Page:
Posted by: Lisa Pampuch | July 26, 2004

Dinner reveals hidden connections

It was supposed to be a dinner with an old friend, likely featuring a trip down memory lane and expressions of wonder at how fast our children are growing.

And it was that. But it was so much more.

Anil, our good friend from my husband’s college days at Ohio State University and one of the groomsmen in our wedding more than 16 years ago, was in the Bay Area for his cousins’ silver wedding anniversary and family reunion recently.

In the decades since college, there have been weddings and births, career changes and cross-country moves. Anil has lived on the East Coast for the past several years, while our family trekked west. With family and work commitments and separation of a continent, our visits are rare, but always appreciated.

So when Anil invited us to dinner last week at his cousin’s Palo Alto home, we gladly accepted and looked forward to sharing memories and swapping stories about our lives today. As Anil’s extended family arrived, we sampled a wide variety of Indian dishes and began to discover that this truly is a small world.

Anil’s cousin, the homeowner and dinner host, learned that he and my husband attended the same high school, although a decade apart. Our host graduated in the same class as John’s oldest sister. Out came the yearbook and the connections between our Caucasian family and their Indian family were uncovered.

Another of Anil’s relatives had married another member of this class – who happened to live around the corner from John’s family.

The homeowner’s younger brother arrived. He went to high school with John’s former brother-in-law, who grew up next-door to John. “Your sister married Skip?!” came the surprised cry. But we weren’t done making connections. Also in the younger brother’s high school class was one of John’s older brothers. This younger brother works at Sun Microsystems, which employs John (and now me). Of course, we had to find out how many co-workers we all knew.

I stood in this Palo Alto kitchen with my mouth agape as people – the vast majority of whom I had met just that night – crowded around the yearbook spread open on the counter to look at prom dates and club photos and make connections.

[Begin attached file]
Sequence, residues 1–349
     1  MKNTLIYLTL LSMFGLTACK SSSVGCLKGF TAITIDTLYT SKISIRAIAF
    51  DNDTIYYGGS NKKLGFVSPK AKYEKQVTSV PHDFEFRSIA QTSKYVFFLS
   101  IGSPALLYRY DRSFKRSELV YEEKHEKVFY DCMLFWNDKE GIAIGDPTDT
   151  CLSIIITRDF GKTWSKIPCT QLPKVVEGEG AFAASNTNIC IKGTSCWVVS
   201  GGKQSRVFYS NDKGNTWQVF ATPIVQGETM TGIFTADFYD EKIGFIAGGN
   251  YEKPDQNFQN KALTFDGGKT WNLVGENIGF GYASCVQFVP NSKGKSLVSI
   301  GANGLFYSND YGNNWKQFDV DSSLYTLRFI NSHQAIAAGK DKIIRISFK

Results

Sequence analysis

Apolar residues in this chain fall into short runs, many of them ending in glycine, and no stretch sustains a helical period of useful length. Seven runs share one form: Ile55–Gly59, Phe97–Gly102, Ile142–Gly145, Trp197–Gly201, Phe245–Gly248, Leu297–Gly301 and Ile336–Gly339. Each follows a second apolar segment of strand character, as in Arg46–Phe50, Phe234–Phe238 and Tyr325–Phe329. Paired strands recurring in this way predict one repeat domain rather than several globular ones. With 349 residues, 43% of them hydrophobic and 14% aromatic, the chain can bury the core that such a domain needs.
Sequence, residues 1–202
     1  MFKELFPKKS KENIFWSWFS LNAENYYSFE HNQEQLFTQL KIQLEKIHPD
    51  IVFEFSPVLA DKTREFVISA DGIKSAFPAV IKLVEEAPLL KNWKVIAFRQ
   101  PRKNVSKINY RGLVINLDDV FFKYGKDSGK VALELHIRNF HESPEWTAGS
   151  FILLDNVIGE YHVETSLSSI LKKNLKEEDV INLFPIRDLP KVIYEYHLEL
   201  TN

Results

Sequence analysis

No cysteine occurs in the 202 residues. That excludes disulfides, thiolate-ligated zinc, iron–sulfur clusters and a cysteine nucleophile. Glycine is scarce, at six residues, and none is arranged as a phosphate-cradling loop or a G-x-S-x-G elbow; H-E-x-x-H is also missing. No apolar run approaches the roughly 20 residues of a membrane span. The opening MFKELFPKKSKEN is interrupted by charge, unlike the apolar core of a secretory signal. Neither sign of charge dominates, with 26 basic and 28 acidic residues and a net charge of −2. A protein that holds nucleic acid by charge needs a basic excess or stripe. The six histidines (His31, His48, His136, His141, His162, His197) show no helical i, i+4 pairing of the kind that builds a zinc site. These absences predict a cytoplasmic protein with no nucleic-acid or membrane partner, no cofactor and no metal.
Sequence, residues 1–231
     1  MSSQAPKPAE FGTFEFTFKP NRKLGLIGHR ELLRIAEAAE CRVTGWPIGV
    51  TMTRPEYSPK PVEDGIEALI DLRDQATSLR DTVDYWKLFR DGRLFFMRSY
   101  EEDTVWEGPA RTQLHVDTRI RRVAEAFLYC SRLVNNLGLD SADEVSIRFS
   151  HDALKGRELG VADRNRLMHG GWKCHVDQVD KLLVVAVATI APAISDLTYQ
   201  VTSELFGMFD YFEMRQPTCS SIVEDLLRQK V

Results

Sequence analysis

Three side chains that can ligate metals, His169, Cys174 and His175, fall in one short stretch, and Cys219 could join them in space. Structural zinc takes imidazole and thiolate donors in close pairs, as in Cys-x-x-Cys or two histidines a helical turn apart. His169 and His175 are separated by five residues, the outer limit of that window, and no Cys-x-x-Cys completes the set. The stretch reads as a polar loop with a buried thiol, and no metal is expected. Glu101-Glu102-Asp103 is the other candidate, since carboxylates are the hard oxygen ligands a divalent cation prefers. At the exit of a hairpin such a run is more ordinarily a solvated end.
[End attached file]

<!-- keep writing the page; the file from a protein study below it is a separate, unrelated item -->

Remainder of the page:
They remembered teachers whose careers had spanned decades and touched seemingly disparate lives. They recalled traditions they had not shared together but linked them across continents and years.

I watched a demonstration of how connected we really are.

But we weren’t finished making connections. The homeowner, an oncologist at Stanford, works with many of the physicians and other medical professionals at Packard Children’s Hospital who treated our daughter’s leukemia. He was especially familiar with a nurse practitioner who participated in marathons for the Leukemia Society’s Team in Training program in our daughter’s honor.

I even discovered a connection with Anil. During his time at Ohio State, he was a teaching assistant in a math class – and my sister was one of his students.

On the surface, our families seem to have little in common. Our skin color, religion, customs and for many, style of dress and language are different. The people at that dinner hailed from Texas, New Jersey, Ohio and all over California. Careers ranged from performing arts to high tech to medicine to homekeeping. Even our cuisines – vegetarian Indian food versus omnivorous American fare – couldn’t have less in common.

It sounds like a recipe for a long, uncomfortable evening with strained conversation and stolen glances at watches. Instead, because we found common ground, discovered connections and kept open minds, we were disappointed when the evening came to an end.

I hope my children learned priceless lessons from our dinner last week in Palo Alto. I hope they learned that no matter how different people seem – whether those differences are physical ability, income, race, philosophy, religion, politics or language – that we’ve all got so much more in common than our differences make it appear. I hope they learned to value our diversity and to seek connections.

I hope that when they read or watch stories of tragedies in far-off places, they’ll understand the pain and suffering are much nearer than it seems.

I hope they learned that valuing our differences and seeking connections can greatly enrich all of our lives.

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